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Report of the U.S. Delegate, 7th Session, Codex Ad Hoc Intergovernmental Task Force on Animal Feeding

Feb 4-8, 2013,
Bern Switzerland

The United States participated in the 7th Session of the Ad Hoc Intergovernmental Codex Task Force on Animal Feeding (AFTF), which completed their terms of reference to develop two documents, the proposed draft Guidelines on the Application of Risk Assessment for Feed and the proposed draft Examples of Hazards in Feed with Potential Relevance for Human Health. The Task Force recommended both documents for adoption by the Codex Alimentarius Commission (CAC) at Step 8 and Step 5/8, respectively.

The 7th Session of AFTF was attended by 139 participants, representing 40 Member countries, one Member organization (the European Union - EU), and 7 international intergovernmental and non-governmental organizations. Dr. Daniel McChesney of the FDA Center for Veterinary Drugs served as the Head of the Delegation for the United States.

A summary of the results of the 7th Session of AFTF is given below. The full report of the Session can be found on the Codex Website:
www.codexalimentarius.org/meetings-reports/en/.

Proposed Draft Guidelines on the Application of Risk Assessment for Feed 

  • The Task Force maintained their approach to make the document consistent with other Codex text and Codex principles on Risk Assessment as much as possible, with some modifications to make it specifically applicable to animal feeding.
  • The glossary of definitions was modified to make it consistent with the Codex Code of Practice on Good Animal Feeding (CAC/RCP 54-2004) and other Codex texts. The Task Force agreed to add Codex definitions, such as 'food' and 'processing aids,' where mentioned in the text. The Task Force agreed to develop a new definition for 'biotransformation,' which is defined as a "product resulting from the transformation of a chemical or biological agent in the body of the food producing animal (e.g. via metabolic processes)."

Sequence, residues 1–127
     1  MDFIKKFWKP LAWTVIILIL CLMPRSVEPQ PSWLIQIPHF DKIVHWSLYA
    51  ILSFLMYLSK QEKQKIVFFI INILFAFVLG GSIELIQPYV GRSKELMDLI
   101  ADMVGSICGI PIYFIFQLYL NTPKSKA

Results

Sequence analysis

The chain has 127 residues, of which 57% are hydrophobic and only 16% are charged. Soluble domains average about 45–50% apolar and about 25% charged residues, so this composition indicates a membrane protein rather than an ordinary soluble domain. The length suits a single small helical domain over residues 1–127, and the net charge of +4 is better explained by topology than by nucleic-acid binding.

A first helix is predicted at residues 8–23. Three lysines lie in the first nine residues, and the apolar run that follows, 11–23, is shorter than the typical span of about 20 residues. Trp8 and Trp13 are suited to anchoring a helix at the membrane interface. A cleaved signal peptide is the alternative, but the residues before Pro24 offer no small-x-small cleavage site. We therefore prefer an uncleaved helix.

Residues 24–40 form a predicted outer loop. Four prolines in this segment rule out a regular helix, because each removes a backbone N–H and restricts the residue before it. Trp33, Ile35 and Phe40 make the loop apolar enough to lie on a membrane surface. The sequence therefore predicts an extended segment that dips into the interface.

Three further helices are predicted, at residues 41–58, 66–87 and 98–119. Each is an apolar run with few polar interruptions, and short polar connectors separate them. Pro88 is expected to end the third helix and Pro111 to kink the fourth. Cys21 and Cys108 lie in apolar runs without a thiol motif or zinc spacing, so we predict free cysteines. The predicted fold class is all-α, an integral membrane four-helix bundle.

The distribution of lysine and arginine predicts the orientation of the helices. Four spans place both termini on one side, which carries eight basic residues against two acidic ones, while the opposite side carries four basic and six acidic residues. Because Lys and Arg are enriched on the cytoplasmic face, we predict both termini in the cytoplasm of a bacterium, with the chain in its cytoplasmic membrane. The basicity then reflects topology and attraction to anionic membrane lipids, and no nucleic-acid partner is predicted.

• The Task Force indicated that preliminary risk management activities may encompass several steps, including identification of a food safety problem arising from feed; establishment of a risk profile; ranking of the hazard for risk assessment and risk management priority; determination of a risk assessment policy for the conduct of the risk assessment; definition of the output form of the risk assessment; commissioning of the risk assessment, and consideration of the possible results of the risk assessment.
  • The Task Force agreed to the Netherlands' proposal to revise the Sections on Exposure Assessment. The proposed revisions further distinguished risk characterization from exposure assessment activities and clarified that feed risk assessments used to derive a risk estimate does not suggest a full human risk assessment. The Task Force accepted the proposal with some refinements.
  • The Task Force also included text to illustrate the need for risk characterization and subsequent risk management options to consider exposure assessments of hazards from other sources, such those from the environment or food of non-animal origin.
  • The Task Force also included text to explain that an initial output of a risk assessment could be based on a comparison of the estimated feed hazard in edible products with existing international or national levels for food commodities.

Proposed Draft Examples of Hazards in Feed with Potential Relevance for Human Health

  • An electronic working group chaired by Switzerland finalized for review by the Task Force the draft guidance document for national governments in prioritizing hazards in animal feed. The final version includes one annex illustrating an example of the prioritization process and another annex describing examples of hazards in feed with potential relevance for human health. The Task Force decided to include a third annex to list separately additional references on information on potential hazard/feed/edible product combinations and examples of prioritization frameworks, processes and methods.